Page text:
for the accommodation of so many females, who were all maintained in a style of sumptuous magnificence ; gardens for their recreation, baths, and proper places for breeding geese, that were kept for the sole purpose of furnishing feathers, with which bangings, coverings, and otber similar ornamental articles, were made. Contiguous to this division was the sixth and last; this was the residence of the king's daughters and other females of the blood royal, where they were educated, and attended in a manner suitable to their rank."

From contemplating the remains of edifices in which resided men who were great in their time, we pass by an easy transition to succeeding occupants of the land.

The manners and habits of savage tribes are at all times objects of curiosity to the observer of life. In this respect the tawny caziques with their feathered subjects inhabiting the southern parts of this vast continent, must excite an equal interest with the coppercoloured aborigines of the northern range. Speaking of the customs, dresses, &c. of the Indians of Guatemala, the author says,

“ The dresses of the noble Indians differed from those of the commoners; as did those of the civilized part of the population from those of the barbarians. It is known from tradition, from ancient manuscripts, and from paintings still extant in the convents of Guatemala, that the nobles wore a dress of white cot

ton, dyed or stained with different colours; the use of which was prohibited to the other ranks. This vestment consisted of a shirt and white breeches, decorated with fringes; over these was drawn another pair of breeches, reaching to the knees, and ornamented with a species of embroidery; the legs were bare; the feet protected by sandals, fastened over the instep, and at the heel, by thongs of leather; the sleeves of the shirt were looped above the elbow, with a blue or red band; the hair was worn long, and tressed bebind with a cord of the colour used upon the sleeves, and terminating with a tassel, which was a distinction peculiar to the great captains; the waist was girded with a piece of cloth of va. rious colours, fastened in a knot before; over the shoulders was thrown a white mantle, ornamented with figures of birds, lions, and other decorations of curds and fringe. The ears and lower lip were pierced, to receive star-shaped pendants of gold or silver; the insignia of office, or dignity, were carried in the hand. The Indians of modern times differ from the ancients only in wearing the hair short, the sleeves loose, and by the omission of earrings and lip-ornaments.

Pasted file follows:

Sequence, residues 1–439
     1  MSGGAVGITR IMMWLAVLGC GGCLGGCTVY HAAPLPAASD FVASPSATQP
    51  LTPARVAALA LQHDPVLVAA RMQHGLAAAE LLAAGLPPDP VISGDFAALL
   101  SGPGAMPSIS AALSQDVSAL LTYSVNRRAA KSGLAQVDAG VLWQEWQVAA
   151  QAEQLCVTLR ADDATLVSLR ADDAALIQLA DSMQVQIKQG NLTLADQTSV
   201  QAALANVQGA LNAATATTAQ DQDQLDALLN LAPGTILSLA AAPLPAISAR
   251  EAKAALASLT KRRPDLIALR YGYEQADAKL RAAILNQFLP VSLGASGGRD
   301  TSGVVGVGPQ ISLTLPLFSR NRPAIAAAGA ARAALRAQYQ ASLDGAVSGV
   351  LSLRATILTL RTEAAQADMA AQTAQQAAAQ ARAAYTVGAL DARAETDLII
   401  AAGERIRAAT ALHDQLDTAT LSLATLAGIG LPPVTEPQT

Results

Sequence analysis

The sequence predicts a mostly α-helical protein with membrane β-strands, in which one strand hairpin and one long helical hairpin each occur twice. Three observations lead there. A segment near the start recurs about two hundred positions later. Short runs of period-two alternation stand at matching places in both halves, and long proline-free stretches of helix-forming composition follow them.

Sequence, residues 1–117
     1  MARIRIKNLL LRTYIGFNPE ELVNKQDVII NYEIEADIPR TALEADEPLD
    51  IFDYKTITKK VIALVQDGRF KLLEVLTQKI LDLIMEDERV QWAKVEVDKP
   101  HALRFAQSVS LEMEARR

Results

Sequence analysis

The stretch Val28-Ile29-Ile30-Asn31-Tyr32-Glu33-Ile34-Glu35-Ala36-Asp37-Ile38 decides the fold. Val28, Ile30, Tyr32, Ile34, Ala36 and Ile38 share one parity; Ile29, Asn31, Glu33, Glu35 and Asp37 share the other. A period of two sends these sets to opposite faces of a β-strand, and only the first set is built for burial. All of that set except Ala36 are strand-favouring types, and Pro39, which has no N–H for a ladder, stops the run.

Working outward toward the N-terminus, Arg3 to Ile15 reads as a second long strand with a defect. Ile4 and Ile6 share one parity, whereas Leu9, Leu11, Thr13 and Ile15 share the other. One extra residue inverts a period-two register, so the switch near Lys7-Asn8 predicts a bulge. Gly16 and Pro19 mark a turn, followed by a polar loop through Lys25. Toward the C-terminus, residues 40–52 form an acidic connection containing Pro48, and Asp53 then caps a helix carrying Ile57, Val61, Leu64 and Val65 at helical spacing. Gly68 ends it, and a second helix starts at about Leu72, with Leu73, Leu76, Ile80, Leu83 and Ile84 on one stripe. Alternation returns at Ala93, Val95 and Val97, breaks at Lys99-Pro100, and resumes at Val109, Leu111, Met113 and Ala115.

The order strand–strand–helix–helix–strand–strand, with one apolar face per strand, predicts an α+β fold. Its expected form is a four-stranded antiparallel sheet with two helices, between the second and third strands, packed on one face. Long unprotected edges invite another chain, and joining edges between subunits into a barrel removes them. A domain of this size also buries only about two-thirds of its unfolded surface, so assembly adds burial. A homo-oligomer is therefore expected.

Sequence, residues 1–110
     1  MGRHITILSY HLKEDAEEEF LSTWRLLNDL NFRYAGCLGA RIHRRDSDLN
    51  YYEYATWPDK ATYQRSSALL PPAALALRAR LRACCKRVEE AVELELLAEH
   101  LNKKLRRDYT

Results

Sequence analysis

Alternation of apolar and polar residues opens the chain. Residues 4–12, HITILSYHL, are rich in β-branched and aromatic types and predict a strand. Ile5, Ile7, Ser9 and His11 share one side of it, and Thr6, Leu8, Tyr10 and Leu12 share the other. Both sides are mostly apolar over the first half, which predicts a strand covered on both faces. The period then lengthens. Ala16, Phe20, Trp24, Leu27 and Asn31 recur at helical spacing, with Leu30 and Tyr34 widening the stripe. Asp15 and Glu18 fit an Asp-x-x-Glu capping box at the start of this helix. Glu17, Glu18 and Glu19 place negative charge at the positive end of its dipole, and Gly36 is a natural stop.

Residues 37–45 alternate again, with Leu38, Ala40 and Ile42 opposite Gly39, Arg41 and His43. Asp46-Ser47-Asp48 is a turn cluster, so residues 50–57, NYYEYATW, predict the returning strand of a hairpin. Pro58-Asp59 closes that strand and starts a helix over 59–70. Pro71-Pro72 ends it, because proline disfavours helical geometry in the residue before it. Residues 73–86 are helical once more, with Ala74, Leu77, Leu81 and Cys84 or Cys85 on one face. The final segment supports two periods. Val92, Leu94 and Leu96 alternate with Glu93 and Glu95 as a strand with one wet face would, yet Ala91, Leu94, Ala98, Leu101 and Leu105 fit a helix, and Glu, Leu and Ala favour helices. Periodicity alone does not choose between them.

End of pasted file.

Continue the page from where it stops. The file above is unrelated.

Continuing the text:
The civilized natives dress with great decency; they wear a species of petticoat, that descends from the middle of the body to the ancles, and a robe over the shoulders, reaching to the knees: this was formerly worked with thread, of different colours, but is now embroidered with silk. The hair is formed into tresses, with cords of various hues; and they wear ornaments in the ears and nether lip.

The habit of the mazaguales is simple, and very poor; they are not permitted the use of cotton, and substitute for it cloth made of pita.* The dress is simply a long shirt, the flaps of which are drawn between the legs, and fastened; a piece of the same stuff is tied round the waist, and a similar piece forms a covering for the head. Some of the Indians of the southern coast wear this dress; but generally, in the warm districts, they go naked, with the exception of the maztlate, or piece of cloth worn round the middle, for the sake of decency.